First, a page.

Every vote, everywhere, would be politically relevant and equal in presidential elections. Candidates would need to care about voters across the nation, not just undecided voters in a handful of swing states.

    The bill would take effect only when enacted, in identical form, by states possessing a majority of the electoral votes--that is, enough electoral votes to elect a President (270 of 538). When the bill comes into effect, all the electoral votes from those states would be awarded to the presidential candidate who receives the most popular votes in all 50 states (and DC).

    The bill uses the power given to each state by the Founding Fathers in the Constitution to change how they award their electoral votes for president. The National Popular Vote bill does not try to abolish the Electoral College, which would need a constitutional amendment, and could be stopped by states with as little as 3% of the U.S. population. Historically, virtually all of the major changes in the method of electing the President (for example, ending the requirement that only men who owned substantial property could vote) have come about without federal constitutional amendments, by state legislative action.

    The bill is cu<st1:personname w:st="on">rr</st1:personname>ently endorsed by over 1,707 state legislators (in 48 states) who have sponsored and/or cast recorded votes in favor of the bill.

    In Gallup polls since 1944, only about 20% of the public has supported the current system of awarding all of a state's electoral votes to the presidential candidate who receives the most votes in each separate state (with about 70% opposed and about 10% undecided). The recent Washington Post, Kaiser Family Foundation, and Harvard University poll shows 72% support for direct nationwide election of the President. Support for a national popular vote is strong in virtually every state, partisan, and demographic group surveyed in recent polls in closely divided battleground states: Colorado-- 68%, Iowa --75%, Michigan-- 73%, Missouri-- 70%, New Hampshire-- 69%, Nevada-- 72%, New Mexico-- 76%, North Carolina-- 74%, Ohio-- 70%, Pennsylvania -- 78%, Virginia -- 74%, and Wisconsin -- 71%; in smaller states (3 to 5 electoral votes): Alaska -- 70%, DC -- 76%, Delaware --75%, Maine -- 77%, Nebraska -- 74%, New Hampshire --69%, Nevada -- 72%, New Mexico -- 76%, Rhode Island -- 74%, and Vermont -- 75%; in Southern and border states: Arkansas --80%, Kentucky -- 80%, Mississippi --77%, Missouri -- 70%, North Carolina -- 74%, and Virginia -- 74%; and in other states polled: California -- 70%, Connecticut -- 74% , Massachusetts -- 73%, Minnesota -- 75%, New York -- 79%, Washington -- 77%, and West Virginia- 81%.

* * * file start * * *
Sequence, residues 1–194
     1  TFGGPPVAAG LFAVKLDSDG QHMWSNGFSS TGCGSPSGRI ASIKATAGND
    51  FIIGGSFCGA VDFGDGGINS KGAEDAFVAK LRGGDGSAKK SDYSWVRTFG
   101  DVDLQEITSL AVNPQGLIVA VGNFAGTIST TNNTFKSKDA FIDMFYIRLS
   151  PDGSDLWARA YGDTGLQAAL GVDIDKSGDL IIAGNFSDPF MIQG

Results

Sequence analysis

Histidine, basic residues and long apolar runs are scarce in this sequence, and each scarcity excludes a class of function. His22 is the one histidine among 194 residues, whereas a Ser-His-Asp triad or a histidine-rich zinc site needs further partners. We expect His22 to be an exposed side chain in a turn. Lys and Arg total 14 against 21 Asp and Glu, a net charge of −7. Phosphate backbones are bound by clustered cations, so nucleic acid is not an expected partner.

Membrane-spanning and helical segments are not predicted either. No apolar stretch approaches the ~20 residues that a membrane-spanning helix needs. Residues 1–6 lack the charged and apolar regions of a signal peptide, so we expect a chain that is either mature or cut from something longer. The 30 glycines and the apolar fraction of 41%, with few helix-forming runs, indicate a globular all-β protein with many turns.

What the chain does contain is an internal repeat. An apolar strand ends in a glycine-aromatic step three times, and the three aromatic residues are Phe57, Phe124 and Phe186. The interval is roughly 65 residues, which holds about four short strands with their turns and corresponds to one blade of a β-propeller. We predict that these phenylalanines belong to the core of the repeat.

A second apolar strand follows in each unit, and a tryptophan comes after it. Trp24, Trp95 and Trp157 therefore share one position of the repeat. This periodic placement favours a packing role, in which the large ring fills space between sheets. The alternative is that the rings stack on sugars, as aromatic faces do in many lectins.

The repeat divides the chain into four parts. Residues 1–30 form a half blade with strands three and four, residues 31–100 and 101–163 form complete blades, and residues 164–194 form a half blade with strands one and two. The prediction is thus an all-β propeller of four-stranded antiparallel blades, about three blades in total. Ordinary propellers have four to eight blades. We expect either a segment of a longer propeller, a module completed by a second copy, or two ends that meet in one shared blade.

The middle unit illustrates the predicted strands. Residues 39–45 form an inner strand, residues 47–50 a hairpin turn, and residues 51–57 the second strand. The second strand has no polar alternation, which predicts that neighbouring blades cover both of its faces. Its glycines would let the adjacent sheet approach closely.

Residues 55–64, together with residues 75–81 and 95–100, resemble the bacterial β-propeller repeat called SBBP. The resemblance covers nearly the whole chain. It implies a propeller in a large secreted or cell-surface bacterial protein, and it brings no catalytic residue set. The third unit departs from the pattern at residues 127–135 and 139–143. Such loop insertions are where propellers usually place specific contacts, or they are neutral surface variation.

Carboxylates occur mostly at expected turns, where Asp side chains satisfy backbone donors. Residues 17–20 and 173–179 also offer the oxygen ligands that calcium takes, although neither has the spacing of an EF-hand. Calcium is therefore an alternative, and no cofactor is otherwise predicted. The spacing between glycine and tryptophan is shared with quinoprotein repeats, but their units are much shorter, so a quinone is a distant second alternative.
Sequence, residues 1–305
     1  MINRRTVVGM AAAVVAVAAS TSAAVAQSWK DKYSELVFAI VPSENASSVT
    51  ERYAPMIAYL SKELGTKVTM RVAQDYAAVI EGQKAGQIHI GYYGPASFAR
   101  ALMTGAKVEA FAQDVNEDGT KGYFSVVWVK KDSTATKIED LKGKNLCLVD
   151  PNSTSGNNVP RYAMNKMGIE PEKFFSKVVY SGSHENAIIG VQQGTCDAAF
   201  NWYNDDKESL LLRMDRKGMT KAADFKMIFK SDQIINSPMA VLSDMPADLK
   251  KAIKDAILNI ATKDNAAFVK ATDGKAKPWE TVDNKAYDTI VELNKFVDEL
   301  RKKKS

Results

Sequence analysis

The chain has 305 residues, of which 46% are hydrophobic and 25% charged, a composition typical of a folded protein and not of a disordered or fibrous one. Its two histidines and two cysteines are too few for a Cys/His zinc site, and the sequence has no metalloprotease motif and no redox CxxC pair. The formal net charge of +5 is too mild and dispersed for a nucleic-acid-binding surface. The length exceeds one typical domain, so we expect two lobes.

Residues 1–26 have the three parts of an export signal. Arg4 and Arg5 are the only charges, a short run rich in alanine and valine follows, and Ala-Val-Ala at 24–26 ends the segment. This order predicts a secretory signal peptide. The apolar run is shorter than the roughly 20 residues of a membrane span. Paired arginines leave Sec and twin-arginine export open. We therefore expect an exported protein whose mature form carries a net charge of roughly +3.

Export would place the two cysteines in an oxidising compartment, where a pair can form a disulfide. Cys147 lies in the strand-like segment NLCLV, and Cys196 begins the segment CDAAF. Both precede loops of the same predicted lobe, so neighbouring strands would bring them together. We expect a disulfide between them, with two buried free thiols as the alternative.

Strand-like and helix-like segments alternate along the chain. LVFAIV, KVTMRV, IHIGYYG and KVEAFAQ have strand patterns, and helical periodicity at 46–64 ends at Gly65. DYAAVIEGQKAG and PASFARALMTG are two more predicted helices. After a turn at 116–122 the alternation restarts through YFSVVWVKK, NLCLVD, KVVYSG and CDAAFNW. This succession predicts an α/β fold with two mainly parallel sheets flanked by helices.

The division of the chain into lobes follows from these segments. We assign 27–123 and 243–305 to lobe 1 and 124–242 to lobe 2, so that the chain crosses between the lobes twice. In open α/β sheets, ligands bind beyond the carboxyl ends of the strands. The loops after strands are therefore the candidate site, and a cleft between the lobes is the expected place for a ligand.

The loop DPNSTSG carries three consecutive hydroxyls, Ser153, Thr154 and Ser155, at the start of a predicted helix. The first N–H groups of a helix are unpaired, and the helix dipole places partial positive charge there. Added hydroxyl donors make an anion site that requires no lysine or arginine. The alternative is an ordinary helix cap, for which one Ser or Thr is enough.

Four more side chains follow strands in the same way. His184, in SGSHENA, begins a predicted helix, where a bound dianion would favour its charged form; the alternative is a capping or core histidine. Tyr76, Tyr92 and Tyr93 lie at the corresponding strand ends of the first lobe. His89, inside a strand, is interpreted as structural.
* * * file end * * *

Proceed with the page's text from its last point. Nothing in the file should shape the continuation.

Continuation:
The National Popular Vote bill has passed 29 state legislative chambers, in 19 small, medium-small, medium, and large states, including one house in Arkansas, Connecticut, Delaware, Maine, Michigan, Nevada, New Mexico, North Carolina, and Oregon, and both houses in California, Colorado, Hawaii, Illinois, New Jersey, Maryland, Massachusetts, Rhode Island, Vermont, and Washington. The bill has been enacted by Hawaii, Illinois, New Jersey, Maryland, and Washington. These five states possess 61 electoral votes -- 23% of the 270 necessary to bring the law into effect.

    See National Popular Vote -- Electoral college reform by direct election of the President